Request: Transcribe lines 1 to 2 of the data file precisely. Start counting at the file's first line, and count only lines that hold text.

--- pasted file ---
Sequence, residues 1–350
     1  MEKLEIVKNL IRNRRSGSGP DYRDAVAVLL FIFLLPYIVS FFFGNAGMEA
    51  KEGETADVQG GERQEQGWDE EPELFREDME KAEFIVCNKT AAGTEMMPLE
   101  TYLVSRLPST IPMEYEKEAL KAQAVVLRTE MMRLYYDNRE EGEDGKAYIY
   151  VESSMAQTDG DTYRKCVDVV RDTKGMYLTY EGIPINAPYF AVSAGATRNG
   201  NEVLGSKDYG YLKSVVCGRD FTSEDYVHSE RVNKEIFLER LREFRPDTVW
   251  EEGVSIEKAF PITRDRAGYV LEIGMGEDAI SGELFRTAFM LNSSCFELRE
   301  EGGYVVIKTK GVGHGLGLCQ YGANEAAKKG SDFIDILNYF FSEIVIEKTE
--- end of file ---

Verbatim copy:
Sequence, residues 1–350
     1  MEKLEIVKNL IRNRRSGSGP DYRDAVAVLL FIFLLPYIVS FFFGNAGMEA